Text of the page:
We’ve all been there: We’re hitting it off with a guy on Tinder, but we don’t know how to make the jump from casual emojis and goofy texts to a real-life, face-to-face date. Clicking with someone via a dating app (beyond the expected dick pic or two or 1,000) is already rare enough, and initiating an IRL meet-up can be intimidating. Who is in charge of the initiating? How can you make sure you don’t blow the date before the date even happens? You don’t want to rock the boat, but you do want to enjoy the ride.
Dating expert Meredith Golden talked to Elite Daily about some of her favorite tips for women to take the convo from their phones to their faces, and they are SUPER insightful. I’d take her word for it too, because one of Meredith’s specialities is posing as men and women on their personal dating apps, and handling the artistry of messaging and inbox conversations for (or as) her clients. Take a look at her fire advice. 1. Get good at multi-tasking. Unfortunately, dating apps can be pretty time consuming, and if you want to get serious about meeting someone, you need to put in the work. Meredith suggests, Start with one [dating app] and test out the activity level it generates. If one app is keeping you busy, stick with it. If you feel like you want more opportunities and have the time to handle two apps, then add it to the mix. If too much dating work is on a single’s plate, opportunities get missed. Less is always more in the beginning. She also told Elite Daily that even though she’s dubbed the “Tinder Whisperer,” it’s not her go-to app. Meredith has found that apps like The League, Coffee Meets Bagel, Bumble, JSwipe, Hinge, and even Match and OKCupid are better at leading to committed relationships.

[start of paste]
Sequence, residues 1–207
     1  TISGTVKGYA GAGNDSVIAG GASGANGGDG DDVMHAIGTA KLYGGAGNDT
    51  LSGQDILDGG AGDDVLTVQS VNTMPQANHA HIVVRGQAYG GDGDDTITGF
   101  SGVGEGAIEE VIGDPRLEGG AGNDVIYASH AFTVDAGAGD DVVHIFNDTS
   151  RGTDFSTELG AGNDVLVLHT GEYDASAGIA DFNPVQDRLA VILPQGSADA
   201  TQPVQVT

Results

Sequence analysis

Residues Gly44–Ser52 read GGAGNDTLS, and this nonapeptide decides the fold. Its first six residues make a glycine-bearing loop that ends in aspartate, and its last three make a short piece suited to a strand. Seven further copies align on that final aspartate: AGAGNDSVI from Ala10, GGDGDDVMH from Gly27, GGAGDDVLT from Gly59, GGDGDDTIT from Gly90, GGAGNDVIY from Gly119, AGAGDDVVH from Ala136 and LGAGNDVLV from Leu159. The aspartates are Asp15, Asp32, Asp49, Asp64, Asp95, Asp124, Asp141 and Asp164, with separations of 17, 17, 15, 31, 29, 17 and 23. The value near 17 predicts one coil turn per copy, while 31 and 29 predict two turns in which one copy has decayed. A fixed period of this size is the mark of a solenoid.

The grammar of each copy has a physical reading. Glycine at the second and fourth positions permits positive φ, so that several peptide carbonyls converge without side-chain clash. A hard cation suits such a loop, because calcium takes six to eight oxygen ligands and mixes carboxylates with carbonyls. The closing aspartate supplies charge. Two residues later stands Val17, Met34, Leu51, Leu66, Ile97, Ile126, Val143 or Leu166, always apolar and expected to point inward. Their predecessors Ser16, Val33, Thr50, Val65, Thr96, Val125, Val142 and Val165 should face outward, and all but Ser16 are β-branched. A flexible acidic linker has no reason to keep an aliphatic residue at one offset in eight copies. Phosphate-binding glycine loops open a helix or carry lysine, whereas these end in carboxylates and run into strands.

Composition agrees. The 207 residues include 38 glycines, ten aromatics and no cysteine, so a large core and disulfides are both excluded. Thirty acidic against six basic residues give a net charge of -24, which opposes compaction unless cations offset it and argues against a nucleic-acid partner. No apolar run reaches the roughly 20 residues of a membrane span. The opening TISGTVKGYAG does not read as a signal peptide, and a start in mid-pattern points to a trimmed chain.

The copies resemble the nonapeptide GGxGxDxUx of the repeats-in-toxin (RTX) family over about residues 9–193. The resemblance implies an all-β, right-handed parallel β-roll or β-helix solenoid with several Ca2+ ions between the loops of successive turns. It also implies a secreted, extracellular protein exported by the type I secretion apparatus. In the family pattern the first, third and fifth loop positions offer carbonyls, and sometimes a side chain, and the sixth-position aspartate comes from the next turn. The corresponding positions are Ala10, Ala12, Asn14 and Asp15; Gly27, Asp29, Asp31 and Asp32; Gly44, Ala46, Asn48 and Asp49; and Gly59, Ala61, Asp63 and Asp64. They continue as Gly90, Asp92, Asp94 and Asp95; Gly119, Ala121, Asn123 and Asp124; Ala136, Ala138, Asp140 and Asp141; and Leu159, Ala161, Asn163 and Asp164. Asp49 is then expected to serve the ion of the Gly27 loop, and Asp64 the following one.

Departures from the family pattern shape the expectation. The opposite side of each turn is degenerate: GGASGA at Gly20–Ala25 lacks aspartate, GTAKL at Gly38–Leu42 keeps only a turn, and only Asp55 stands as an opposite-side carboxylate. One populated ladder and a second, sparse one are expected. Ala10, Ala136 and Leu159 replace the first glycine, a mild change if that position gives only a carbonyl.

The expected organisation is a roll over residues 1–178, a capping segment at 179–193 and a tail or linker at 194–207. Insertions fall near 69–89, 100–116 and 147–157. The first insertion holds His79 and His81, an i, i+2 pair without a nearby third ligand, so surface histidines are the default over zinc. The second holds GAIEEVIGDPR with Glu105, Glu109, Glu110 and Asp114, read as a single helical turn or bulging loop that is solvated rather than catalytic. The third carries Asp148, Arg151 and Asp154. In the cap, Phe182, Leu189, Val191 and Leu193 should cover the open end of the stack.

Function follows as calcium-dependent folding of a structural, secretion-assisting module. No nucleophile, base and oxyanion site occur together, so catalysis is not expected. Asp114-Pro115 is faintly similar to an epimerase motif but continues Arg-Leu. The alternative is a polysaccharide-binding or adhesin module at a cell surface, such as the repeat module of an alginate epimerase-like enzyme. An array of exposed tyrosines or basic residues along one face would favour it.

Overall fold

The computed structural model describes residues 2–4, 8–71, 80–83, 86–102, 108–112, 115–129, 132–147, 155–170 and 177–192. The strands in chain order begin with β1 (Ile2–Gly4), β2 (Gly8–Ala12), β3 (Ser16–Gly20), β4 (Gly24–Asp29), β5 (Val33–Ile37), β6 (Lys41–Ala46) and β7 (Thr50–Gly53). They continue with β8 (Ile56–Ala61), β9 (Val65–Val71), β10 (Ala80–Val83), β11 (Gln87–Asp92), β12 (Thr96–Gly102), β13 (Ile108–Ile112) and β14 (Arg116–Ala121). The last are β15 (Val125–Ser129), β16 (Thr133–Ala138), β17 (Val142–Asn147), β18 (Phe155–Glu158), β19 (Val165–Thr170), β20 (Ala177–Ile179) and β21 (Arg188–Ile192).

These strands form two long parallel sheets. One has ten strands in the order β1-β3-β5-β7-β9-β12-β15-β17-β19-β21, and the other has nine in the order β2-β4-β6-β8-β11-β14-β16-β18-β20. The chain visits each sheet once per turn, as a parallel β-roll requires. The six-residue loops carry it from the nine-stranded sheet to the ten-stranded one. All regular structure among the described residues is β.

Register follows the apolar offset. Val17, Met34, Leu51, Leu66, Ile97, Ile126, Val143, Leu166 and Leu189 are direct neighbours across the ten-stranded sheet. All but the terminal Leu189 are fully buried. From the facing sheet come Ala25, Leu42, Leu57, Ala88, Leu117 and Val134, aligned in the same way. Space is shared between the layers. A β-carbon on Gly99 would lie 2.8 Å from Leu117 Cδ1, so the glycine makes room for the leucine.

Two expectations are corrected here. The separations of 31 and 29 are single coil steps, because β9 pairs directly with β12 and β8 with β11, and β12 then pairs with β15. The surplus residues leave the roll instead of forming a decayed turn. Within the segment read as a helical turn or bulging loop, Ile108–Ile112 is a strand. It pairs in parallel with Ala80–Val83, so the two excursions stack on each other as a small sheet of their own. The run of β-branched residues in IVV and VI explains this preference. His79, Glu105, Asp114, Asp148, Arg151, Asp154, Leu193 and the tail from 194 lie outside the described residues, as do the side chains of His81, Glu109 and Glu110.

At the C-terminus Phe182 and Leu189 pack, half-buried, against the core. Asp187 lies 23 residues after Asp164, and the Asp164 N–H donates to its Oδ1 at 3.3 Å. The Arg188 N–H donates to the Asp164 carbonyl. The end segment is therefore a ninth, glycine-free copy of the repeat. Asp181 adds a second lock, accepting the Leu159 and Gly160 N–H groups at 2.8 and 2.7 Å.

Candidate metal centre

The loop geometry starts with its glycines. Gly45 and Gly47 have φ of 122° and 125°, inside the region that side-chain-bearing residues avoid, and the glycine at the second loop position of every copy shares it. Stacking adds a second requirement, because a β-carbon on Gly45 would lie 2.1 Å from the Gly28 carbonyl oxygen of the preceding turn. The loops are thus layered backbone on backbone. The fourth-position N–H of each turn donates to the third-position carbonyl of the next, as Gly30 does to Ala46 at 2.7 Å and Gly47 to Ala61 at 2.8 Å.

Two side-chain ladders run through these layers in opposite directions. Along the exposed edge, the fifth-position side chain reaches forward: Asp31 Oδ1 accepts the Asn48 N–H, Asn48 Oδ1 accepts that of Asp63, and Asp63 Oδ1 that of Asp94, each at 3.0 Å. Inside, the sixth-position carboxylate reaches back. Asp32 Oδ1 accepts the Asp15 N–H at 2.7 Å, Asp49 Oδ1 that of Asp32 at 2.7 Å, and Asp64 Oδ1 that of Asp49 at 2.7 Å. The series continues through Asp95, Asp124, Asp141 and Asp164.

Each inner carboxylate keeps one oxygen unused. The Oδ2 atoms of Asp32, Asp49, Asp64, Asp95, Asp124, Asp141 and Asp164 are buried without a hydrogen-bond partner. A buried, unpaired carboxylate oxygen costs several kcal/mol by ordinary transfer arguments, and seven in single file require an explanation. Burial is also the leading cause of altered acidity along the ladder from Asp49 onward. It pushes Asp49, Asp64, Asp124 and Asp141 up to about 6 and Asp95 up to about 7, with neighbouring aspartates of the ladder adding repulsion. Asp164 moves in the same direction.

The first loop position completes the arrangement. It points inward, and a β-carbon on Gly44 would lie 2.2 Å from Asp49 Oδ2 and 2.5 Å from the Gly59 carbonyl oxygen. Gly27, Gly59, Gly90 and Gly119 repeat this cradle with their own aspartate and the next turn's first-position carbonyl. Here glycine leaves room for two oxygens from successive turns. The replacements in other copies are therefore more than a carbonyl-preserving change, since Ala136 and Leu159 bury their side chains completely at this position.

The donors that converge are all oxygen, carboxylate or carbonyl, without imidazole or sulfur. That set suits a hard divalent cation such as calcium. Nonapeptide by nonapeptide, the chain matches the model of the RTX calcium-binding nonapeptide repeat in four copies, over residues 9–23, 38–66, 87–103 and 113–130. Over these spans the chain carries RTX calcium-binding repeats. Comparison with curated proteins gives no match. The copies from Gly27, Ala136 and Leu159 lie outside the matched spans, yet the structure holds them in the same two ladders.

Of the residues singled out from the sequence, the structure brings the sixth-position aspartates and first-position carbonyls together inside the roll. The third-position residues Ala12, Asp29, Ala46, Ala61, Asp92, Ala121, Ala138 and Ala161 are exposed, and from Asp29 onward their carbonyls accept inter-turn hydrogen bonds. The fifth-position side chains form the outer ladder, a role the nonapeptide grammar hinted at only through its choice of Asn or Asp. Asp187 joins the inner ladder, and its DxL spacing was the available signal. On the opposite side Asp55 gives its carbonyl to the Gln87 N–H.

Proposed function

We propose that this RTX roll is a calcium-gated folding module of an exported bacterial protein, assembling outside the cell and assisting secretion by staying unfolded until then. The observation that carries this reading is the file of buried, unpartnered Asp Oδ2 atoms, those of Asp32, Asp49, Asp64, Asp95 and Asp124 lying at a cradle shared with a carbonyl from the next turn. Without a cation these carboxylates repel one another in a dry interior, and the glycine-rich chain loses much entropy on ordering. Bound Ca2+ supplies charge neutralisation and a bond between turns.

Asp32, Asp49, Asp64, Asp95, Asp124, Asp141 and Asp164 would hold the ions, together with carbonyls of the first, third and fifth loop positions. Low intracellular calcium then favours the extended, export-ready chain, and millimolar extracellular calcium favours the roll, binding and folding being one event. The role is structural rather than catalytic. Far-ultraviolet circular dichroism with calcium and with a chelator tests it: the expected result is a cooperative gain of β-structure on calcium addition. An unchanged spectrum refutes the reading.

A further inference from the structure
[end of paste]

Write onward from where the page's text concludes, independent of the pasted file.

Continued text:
2. Responsiveness is key. Meredith explains that a huge part of the dating game is in the timing. If you do connect with someone, she recommends making communication a priority for the next two to three days. You want to stay consistent with your responses, but not excessive, and Meredith suggests reaching out or responding to someone at least twice a day. It’s a fine balance, though. Don’t be too available, as in all day long messaging, but certainly respond at least twice over the day. For example, if he reaches out Monday morning at 9:00, get back to him around 1:00. If it becomes an active dialogue, give him three to five minutes of your time and then wrap it up by saying you have to get back to work… but nicely of course. He will write more and then you can respond again after work or before bed. By the next day, or the day after, he should be asking to meet. “Don’t be too available, as in all day long messaging, but certainly respond at least twice over the day.”